While you could be justifiably unhappy with your career – whether due to low pay, lack of benefits, a boss who's a jerk or other reasons – sometimes the best solution is to take a deep breath, look in the mirror and come to this realization:
Even in a down economy, you shouldn't just focus your efforts on landing a new job – it's better to seek out a rewarding career that better matches your individual strengths and personality. Your happiness – and your long-term success – could depend on it.
If you would like an in-depth portrait of your personality, it might help to meet with a career counselor who can provide you with standardized career assessments. These tests will help you to know yourself better and nail down ideal career paths that fit your strengths.
Career counselors typically can be found in private practice, as part of community or state agencies or at college and university career centers.
Character fits the bill
Research shows those who apply their personal strengths in their job experience more enjoyment and sense of purpose in their work. They see their career more as a calling than simply a job to pay the bills.
That's according to data from a new University of Zurich study that found the application of personal strengths in one's profession goes "hand in hand" with more positive experiences at work, i.e. "enjoyment, flow, sense of purpose or satisfaction and calling."
"They enjoy work more, are more wrapped up in it, perceive their work as more meaningful and are more satisfied with their job," the study states.
Researchers examined more than 1,000 working people and their character strengths, and whether they were able to apply these strengths at work and how positively they experienced their work.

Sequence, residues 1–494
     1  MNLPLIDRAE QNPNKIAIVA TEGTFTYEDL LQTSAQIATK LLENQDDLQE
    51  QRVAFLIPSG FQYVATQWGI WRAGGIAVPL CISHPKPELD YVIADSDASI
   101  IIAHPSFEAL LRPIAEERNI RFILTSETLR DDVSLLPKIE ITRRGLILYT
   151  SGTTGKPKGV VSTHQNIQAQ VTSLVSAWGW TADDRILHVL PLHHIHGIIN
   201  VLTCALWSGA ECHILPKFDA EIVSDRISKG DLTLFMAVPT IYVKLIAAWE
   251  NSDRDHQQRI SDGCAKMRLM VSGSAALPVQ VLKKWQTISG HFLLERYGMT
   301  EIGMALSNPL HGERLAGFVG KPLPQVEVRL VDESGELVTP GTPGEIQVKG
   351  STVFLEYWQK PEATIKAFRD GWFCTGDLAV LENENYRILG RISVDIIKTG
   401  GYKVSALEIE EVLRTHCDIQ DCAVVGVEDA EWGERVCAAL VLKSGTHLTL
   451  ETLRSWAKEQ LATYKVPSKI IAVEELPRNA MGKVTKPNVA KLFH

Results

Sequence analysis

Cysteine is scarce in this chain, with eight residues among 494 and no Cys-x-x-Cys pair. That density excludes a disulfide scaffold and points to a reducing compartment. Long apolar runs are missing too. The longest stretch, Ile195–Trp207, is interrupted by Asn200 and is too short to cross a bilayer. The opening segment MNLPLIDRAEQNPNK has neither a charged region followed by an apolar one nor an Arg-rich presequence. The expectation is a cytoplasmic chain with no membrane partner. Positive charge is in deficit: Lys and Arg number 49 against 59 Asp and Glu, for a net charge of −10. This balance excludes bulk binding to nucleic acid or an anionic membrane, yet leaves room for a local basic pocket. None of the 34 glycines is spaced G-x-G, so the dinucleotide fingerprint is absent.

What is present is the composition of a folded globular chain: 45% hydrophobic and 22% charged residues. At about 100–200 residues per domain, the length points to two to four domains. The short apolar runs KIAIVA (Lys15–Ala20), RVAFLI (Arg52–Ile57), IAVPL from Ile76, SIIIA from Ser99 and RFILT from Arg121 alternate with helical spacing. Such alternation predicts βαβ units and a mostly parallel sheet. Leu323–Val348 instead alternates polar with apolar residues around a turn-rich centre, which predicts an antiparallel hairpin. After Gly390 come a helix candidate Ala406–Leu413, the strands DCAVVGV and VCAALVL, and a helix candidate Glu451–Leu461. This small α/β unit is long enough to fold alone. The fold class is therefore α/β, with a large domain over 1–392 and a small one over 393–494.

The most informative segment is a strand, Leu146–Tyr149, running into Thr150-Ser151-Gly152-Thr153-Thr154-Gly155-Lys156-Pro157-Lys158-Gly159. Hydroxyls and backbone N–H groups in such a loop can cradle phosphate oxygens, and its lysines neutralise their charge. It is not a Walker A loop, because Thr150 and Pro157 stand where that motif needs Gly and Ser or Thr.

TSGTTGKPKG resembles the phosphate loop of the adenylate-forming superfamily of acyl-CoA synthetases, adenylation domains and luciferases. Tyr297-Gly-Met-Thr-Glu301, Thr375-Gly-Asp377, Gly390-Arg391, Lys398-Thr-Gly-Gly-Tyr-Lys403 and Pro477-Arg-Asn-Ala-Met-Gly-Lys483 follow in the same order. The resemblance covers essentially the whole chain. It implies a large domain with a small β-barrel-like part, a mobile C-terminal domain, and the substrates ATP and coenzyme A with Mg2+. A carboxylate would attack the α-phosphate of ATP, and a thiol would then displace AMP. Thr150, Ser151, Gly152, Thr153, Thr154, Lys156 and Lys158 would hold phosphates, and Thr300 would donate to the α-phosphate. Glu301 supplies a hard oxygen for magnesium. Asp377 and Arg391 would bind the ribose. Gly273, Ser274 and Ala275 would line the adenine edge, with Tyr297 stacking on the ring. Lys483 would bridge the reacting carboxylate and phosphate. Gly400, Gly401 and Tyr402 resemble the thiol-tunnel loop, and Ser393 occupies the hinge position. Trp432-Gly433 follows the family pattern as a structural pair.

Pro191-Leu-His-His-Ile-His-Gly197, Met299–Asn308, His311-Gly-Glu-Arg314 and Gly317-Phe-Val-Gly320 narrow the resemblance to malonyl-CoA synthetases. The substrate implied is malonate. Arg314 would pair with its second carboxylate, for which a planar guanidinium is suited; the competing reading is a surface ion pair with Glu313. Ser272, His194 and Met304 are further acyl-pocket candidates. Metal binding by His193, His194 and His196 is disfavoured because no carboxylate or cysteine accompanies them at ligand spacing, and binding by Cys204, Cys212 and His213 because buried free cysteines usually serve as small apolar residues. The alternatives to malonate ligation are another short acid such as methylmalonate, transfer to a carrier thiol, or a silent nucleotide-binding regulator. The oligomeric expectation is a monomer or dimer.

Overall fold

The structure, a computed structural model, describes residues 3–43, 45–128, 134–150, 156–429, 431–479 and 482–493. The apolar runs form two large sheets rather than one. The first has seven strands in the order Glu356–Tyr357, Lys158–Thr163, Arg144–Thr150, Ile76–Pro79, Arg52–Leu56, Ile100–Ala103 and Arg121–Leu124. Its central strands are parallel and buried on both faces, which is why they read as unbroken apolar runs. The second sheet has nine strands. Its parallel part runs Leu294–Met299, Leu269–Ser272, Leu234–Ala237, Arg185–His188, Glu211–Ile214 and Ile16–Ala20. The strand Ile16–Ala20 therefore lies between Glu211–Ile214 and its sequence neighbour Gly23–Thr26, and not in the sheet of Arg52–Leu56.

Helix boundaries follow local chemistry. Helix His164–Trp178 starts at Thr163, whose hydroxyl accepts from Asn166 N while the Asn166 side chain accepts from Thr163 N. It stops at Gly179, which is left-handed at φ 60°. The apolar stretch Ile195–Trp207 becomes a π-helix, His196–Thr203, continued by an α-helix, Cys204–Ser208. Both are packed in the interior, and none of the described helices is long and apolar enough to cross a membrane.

"If it is clarified which character strengths are essential for a job" before a position is filled, "a person can be recruited based on these strengths," said Dr. Claudia Harzer, author of the study.
"Employers and employees only stand to benefit from this," Harzer added.
Coming to terms with your personality and strengths can be the most important step in deciding on a proper career path. Here's a list of four in-demand careers and the personality traits often associated with job success and fulfillment:
Software engineer/IT computer programmer
Top traits: Analytical, Industriousness, Patience, Drive, Self-reliance
Software engineers and IT computer programmers work independently on complex projects that require knowledge of new technologies and a drive to develop new skills. They often work on many parts of a project at the same time and must be able to concentrate and pay attention to detail.
Bob Dickey, executive vice president of technologies at the staffing firm Randstad U.S., said the future outlook for tech workers "remains bright and encouraging."
In addition, tech workers are optimistic about their employability, with 55 percent of IT workers feeling confident in their ability to find a new job, according to a recent Randstad U.S. study.